“There were a couple of artifacts that surprised me,” Weisberg says. “It was interesting to look at the university’s yearbooks from the 1960s, when the university was known as George Mason College, and see how much the name of the basketball team changed over time. I also remember being surprised at discovering a box full of memorabilia with the George Mason College logo.”

“It’s hard to choose a few highlights because we learned so much,” says Campbell. “I think one of my favorite stories to write was a biography of [former president Alan Merten], especially with his retiring shortly afterward and leaving such an impact on the Mason community.”

One of the most challenging pieces she wrote was about the Arlington Campus. “It didn’t seem as though any history of it had been compiled, so I sorted through a lot of documents to try to piece together the story. While it was difficult, I really enjoyed it—it was almost like a mystery, and I got to act as the detective and read some really interesting material in the process.”

Both Campbell and Weisberg say they miss the work now that their contribution is completed. But is it finished?

“To us it looks finished from where it started,” says Campbell, “but I don’t think it will ever be finished.”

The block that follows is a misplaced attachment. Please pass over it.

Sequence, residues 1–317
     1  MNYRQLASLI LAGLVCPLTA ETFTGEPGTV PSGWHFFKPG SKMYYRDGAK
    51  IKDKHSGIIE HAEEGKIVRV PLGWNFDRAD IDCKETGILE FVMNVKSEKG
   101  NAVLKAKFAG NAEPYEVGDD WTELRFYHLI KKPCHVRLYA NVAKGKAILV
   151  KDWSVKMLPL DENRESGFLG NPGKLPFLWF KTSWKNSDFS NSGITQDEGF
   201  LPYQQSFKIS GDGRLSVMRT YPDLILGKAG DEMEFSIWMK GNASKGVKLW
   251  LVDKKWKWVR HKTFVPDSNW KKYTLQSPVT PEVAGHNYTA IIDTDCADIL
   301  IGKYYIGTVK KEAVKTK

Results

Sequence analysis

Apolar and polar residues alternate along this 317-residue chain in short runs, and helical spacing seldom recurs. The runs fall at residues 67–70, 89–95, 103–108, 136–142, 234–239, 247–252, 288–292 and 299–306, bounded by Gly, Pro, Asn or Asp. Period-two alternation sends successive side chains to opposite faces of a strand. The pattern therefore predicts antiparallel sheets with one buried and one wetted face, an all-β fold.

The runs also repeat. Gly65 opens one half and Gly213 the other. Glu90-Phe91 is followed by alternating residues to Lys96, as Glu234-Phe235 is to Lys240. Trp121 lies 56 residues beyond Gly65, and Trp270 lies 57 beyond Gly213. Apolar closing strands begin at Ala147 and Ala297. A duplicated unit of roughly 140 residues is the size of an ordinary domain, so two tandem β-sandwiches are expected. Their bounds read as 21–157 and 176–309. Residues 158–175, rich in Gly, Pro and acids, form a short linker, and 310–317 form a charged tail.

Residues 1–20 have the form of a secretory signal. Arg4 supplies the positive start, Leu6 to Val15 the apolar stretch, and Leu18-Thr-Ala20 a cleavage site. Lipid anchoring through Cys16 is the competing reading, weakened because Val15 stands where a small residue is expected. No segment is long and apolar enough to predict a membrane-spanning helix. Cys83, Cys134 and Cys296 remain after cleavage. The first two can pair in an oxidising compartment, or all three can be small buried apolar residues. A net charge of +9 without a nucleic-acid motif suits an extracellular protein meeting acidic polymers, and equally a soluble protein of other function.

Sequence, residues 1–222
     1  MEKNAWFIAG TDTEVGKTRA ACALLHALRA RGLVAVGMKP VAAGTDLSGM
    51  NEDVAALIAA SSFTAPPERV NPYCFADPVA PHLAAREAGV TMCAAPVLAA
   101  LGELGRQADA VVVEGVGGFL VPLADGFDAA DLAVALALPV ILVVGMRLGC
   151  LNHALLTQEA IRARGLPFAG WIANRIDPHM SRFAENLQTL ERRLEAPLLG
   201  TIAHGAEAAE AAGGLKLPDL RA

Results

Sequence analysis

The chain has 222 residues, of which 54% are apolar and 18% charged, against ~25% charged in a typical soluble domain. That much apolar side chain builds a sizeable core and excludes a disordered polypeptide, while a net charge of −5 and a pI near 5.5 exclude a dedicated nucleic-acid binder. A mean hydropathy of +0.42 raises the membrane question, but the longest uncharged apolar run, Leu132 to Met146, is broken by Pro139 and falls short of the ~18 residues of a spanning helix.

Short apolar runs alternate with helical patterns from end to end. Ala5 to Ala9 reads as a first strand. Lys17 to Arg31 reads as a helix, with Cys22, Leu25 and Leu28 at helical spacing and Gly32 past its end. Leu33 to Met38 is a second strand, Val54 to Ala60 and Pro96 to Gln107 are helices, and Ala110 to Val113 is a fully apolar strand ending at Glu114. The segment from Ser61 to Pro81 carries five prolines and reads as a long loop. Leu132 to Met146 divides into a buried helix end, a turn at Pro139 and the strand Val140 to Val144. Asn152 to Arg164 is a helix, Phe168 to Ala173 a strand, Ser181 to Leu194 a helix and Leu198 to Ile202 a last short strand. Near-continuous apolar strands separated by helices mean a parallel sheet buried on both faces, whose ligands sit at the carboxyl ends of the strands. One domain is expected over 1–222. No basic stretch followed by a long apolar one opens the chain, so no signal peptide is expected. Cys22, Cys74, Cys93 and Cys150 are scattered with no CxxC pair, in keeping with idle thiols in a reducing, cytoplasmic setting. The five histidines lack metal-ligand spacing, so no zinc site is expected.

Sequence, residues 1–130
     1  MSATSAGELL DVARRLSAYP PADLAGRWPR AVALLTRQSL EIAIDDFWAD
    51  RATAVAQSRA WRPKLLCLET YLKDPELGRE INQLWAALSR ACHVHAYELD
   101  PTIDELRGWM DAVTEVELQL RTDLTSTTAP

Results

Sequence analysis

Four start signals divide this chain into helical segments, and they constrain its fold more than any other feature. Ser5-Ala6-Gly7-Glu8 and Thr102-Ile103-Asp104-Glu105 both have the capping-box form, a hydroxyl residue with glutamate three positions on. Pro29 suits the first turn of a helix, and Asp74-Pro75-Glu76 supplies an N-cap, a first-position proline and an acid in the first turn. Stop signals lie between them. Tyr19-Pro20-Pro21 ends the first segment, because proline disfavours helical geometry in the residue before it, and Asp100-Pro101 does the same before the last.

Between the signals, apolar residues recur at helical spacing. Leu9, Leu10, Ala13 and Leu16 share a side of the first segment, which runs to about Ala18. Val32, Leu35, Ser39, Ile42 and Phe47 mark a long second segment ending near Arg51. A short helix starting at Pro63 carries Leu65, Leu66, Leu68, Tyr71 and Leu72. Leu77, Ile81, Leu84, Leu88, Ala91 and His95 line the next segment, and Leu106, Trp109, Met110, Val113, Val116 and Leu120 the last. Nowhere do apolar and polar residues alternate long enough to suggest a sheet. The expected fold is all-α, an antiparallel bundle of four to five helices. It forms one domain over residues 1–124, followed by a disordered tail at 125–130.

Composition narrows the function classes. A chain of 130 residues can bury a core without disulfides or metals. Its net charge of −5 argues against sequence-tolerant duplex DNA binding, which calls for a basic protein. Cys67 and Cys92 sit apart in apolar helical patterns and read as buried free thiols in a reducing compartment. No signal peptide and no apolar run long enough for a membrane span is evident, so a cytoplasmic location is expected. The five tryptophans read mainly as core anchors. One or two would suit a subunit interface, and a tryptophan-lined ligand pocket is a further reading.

Mason History, Mason Tools

Campbell and Weisberg were building on material begun by now-graduated Mason students Ryan Montgomery, Alexandra Parker, and Alex Malizia who got the project started on initial funding in early 2011. The initial sponsor was the Osher Lifelong Learning Institute whose $1,500 gift was matched by the University Libraries.

Later in 2011, Mason’s Auxiliary Enterprise Management Council provided a $20,000 award to continue the project; the researchers and developer were paid for their work.

Not only is the portal effective, George Mason University: A History is a rarity for university histories. Vay points out that most universities tell their origin stories in a linear style, like a page from a history book. George Mason University: A History’s sophisticated branching, heavily tagged subjects, and multimedia approach is uncommon, and it’s made possible by a content management system called Omeka.

Omeka was created by Mason’s Roy Rosenzweig Center for History and New Media (CHNM) as a free online exhibit tool for archiving events and artifacts.

To read more stories about Mason, check out the university’s News site.